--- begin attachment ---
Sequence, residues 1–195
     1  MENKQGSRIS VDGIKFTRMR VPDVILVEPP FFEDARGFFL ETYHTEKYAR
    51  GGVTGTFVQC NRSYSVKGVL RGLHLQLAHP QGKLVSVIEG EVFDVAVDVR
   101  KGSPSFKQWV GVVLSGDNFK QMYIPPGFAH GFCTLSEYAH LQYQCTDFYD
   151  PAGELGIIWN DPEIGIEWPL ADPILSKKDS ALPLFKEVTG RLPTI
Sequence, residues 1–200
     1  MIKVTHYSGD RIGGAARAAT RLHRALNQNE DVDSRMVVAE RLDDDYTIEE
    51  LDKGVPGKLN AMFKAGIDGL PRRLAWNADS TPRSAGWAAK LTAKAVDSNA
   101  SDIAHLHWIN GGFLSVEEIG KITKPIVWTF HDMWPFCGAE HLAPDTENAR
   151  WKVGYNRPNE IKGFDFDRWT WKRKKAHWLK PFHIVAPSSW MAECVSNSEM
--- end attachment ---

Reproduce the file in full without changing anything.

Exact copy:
Sequence, residues 1–195
     1  MENKQGSRIS VDGIKFTRMR VPDVILVEPP FFEDARGFFL ETYHTEKYAR
    51  GGVTGTFVQC NRSYSVKGVL RGLHLQLAHP QGKLVSVIEG EVFDVAVDVR
   101  KGSPSFKQWV GVVLSGDNFK QMYIPPGFAH GFCTLSEYAH LQYQCTDFYD
   151  PAGELGIIWN DPEIGIEWPL ADPILSKKDS ALPLFKEVTG RLPTI
Sequence, residues 1–200
     1  MIKVTHYSGD RIGGAARAAT RLHRALNQNE DVDSRMVVAE RLDDDYTIEE
    51  LDKGVPGKLN AMFKAGIDGL PRRLAWNADS TPRSAGWAAK LTAKAVDSNA
   101  SDIAHLHWIN GGFLSVEEIG KITKPIVWTF HDMWPFCGAE HLAPDTENAR
   151  WKVGYNRPNE IKGFDFDRWT WKRKKAHWLK PFHIVAPSSW MAECVSNSEM